6. Parking is part of patient flow
    Yes, parking is part of patient flow and can dramatically affect both patient satisfaction and revenue. One primary care practice took the extraordinary step of borrowing money to build a parking garage. In their small town, street parking was limited, and their parking lot could not accommodate all the traffic. Because patients could not find parking spaces, many were late for their appointments. Others gave up and became no-shows. Both practice revenue and patient satisfaction suffered. In many suburban locations, the problem is not as severe, but still chronic. Patients cannot find spaces or must squeeze into overly small parking spaces. Another parking issue is an appropriate drop-off area. Can a family member pull into a covered space to drop off an elderly family member or patient on crutches? If so, you have enhanced patient flow and experience. Whenever you’re considering a new facility or improvement to an existing one, consider parking carefully. You can be sure your patients do.
  7. Don’t forget your supply path
    What about movement of supplies? Your medical supplies should contribute to a smooth flow of patients and doctors. There are a variety of options that would work for your supply flow. You can use a single, central storage area. Or you could put supplies in each individual room or even use carts that move from location to another. It doesn’t matter what you choose, the key is to make sure that supplies never slow down the flow and efficiency or your office.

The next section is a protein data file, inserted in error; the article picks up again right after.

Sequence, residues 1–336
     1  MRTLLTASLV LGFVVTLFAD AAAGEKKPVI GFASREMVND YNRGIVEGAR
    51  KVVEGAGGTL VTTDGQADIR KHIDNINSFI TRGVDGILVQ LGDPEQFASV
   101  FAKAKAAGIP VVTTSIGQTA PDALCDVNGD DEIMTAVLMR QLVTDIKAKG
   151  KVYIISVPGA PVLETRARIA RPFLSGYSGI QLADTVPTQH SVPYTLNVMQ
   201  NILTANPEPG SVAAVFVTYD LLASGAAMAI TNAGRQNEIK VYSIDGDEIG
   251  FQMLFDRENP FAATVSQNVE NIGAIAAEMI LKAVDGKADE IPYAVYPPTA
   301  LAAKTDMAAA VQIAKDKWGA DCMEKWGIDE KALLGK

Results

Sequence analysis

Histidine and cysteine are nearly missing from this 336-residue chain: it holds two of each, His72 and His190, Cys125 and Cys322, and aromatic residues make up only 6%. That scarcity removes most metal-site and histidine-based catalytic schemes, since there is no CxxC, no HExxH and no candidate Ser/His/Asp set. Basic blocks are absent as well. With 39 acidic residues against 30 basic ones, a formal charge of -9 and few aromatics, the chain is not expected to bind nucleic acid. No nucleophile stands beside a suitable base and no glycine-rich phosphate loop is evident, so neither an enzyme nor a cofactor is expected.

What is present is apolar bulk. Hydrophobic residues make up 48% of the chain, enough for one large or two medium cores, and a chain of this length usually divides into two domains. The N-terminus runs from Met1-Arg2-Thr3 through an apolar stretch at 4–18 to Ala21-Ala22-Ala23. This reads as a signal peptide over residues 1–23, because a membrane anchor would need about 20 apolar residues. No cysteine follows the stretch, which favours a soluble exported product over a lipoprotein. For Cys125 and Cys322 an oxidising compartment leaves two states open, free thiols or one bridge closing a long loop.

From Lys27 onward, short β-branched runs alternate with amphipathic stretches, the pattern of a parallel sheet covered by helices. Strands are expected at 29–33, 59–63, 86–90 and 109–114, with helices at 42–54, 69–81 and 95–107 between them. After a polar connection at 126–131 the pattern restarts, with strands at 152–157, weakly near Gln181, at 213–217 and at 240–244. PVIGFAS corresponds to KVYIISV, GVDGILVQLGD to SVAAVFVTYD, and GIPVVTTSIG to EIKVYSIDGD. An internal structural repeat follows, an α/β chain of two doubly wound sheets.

8. Reduce missed appointments
    No-shows and late cancels can cost your practice thousands of dollars. And the truth is – there’s only so much you can do when patients need to take time off work, find a babysitter or drive through traffic to get to their appointment. While little things like adding a cancellation policy with a fee can help, offering patients a way to do virtual visits from their home can be really effective. If patients don’t need to brave traffic or take time off to see you, they’re much less likely to skip an appointment.

Patient Flow — Conclusion

If your medical practice takes time to execute the strategies discussed, in addition to others not mentioned here, you’ll be responsive to patients’ expectations, while remaining current with the changing dynamics of the healthcare market.

By putting the patient first and anticipating their overall needs, practices can create a solid stream of new and returning patients which can lead to increased practice revenue.